In the latest round of retaliatory between Washington and Beijing targeting media outlets of each other, Chinese officials imposed new visa restrictions on overseas journalists working for United States news agencies in China amid growing bilateral tensions. In the last week, during the normal renewal of their journalist’s credentials – which usually valid for twelve months – several journalists handed a letter that read their applications are under process rather than a new press card. They recommended carrying the letter together with their expired press cards as proof of the identity of a journalist.
— 🚶🏻Curtis S. Chin (@CurtisSChin) September 7, 2020
Since the visas of China tied to their press cards, these journalists issued the latest visa valid for only around two months, much less than the usual twelve months. Chinese officials made clear that the temporary press credentials, as well as the visas associated with them – might revoke anytime, leaving affected journalists in a midpoint without knowing clearly how long they would able to remain in China. David Culver, the American correspondent of CNN, stands among those impacted by the latest move of China.
CNN acknowledged that targeted reporters include both United States nationals and non-U.S. nationals from many American media organizations, including the Wall Street Journal. Chinese officials told Culver that the recent restriction had nothing to do with his reporting else was a tit-for-tat move in response to the treatment of the Trump administration of Chinese journalists in the U.S.
Chinese officials told U.S. diplomats in Beijing about the latest move
A spokesman of CNN confirmed the new shortened visa of Culver. He adds that one of the Beijing-based journalists of the United States recently issued a two months valid visa, instead of one year. Though the U.S. presence on the Chinese land remains unchanged, and the team continues to work with the local officials to ensure that continues.
CNN: “One of our Beijing-based journalists was recently issued a visa valid for 2 months, instead of the usual 12. However, our presence on the ground in China remains unchanged and we are continuing to work with local authorities to ensure that continues.”https://t.co/CTGAsGlIty
— David Culver (@David_Culver) September 6, 2020
On Sunday, the United States State Department revealed that Chinese authorities recently informed its diplomats in Beijing about China’s government’s impending measures awaiting measures targeting American media in China. Morgan Ortagus, the department spokesman, said that the U.S. would face trouble after the proposed actions. And eventually will worsen the neutral reporting environment in China.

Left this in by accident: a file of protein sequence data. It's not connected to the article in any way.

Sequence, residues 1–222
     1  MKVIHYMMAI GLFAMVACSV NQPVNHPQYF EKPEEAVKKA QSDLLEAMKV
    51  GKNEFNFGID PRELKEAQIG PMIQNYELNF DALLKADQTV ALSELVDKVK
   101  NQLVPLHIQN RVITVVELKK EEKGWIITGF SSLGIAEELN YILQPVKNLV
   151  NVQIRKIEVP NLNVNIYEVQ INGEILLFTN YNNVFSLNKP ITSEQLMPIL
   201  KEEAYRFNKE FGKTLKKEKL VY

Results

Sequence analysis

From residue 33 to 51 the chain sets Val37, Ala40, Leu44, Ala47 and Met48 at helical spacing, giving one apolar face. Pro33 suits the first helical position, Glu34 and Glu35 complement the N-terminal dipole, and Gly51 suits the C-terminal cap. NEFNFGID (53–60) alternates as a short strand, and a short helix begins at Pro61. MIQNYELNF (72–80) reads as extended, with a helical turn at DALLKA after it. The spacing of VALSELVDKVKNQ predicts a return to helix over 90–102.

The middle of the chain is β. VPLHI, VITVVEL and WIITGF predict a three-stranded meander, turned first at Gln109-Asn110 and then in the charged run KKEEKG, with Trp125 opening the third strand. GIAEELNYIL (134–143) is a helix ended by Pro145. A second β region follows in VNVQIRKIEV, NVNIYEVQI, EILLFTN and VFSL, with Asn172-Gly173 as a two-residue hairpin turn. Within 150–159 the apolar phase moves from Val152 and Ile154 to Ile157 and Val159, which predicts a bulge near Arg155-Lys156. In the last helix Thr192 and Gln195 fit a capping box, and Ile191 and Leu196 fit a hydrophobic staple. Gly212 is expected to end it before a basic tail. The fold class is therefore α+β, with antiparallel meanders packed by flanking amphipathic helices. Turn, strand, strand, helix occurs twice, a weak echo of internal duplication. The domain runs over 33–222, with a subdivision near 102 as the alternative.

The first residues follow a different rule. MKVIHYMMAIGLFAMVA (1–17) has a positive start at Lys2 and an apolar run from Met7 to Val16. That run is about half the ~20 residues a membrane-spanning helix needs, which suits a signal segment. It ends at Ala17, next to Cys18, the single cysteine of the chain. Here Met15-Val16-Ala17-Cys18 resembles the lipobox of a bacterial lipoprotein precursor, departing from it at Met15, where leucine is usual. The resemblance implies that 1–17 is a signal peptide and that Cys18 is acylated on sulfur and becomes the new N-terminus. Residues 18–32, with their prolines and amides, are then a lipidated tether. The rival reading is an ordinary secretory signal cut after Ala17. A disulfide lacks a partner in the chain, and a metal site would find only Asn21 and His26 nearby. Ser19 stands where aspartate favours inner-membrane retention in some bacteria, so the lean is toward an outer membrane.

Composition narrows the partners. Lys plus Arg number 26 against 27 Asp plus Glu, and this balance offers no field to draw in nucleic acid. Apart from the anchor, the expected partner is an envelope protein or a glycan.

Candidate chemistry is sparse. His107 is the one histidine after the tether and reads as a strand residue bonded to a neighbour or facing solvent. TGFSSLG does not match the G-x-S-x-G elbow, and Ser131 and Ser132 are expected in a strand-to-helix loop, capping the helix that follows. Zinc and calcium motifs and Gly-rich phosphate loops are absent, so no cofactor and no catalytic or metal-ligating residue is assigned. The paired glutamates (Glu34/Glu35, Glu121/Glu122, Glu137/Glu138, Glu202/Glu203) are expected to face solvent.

He adds that the latest actions of Beijing prove time and again that the ruling party of Chinese – the Chinese Communist Party is afraid of investigative and independent media reporting that has only increases and intensifies the world’s understanding of China for the better. Washington limited the stay duration for most United States-based Chinese journalists to ninety days in May.
China claims that none of its journalists heard back from the American officials on the status of their recent applications for visa extension, which seriously disrupts their life and work. In case of no approval, the Chinese journalists will have to leave America by early November, exactly when the new Chinese visa of Culver set to expire.
Chinese Foreign Ministry Spokeswoman views on the recent situation
Hua Chunying, the Chinese foreign ministry spokeswoman, said at a regular press briefing in Beijing that the core of the media issue between the United States and China is the American political oppression and suppression against the China media out of the ideological bias and Cold War mentality. If the United States keeps moving further down the erroneous path, China has no option but to make a compulsory and defensible reaction to uphold its valid rights definitely.
At the start of 2020, China effectually expelled around a dozen U.S. journalist from the Wall Street Journal, the New York Times, and the Washington Post after the Trump administration capped the number of Chinese citizens allowed to work in the United States offices of Chinese state-run media, resulting in huge staff cuts in these operations.
After that, Washington designated an increasing number of American offices of Chinese state-run news agencies as foreign missions, demanding them to file administrative work with the United States authorities on their finances and personnel. On the other hand, Beijing retaliates back by demanding the same multiple American news outlets in China.
The American State Department’s Assistant Secretary for East Asia and Pacific Affairs, David Stilwell, said that the China state-run outlets received the designation because the United States government takes them as propaganda outlets efficiently controlled by China’s ruling party else than independent news agencies.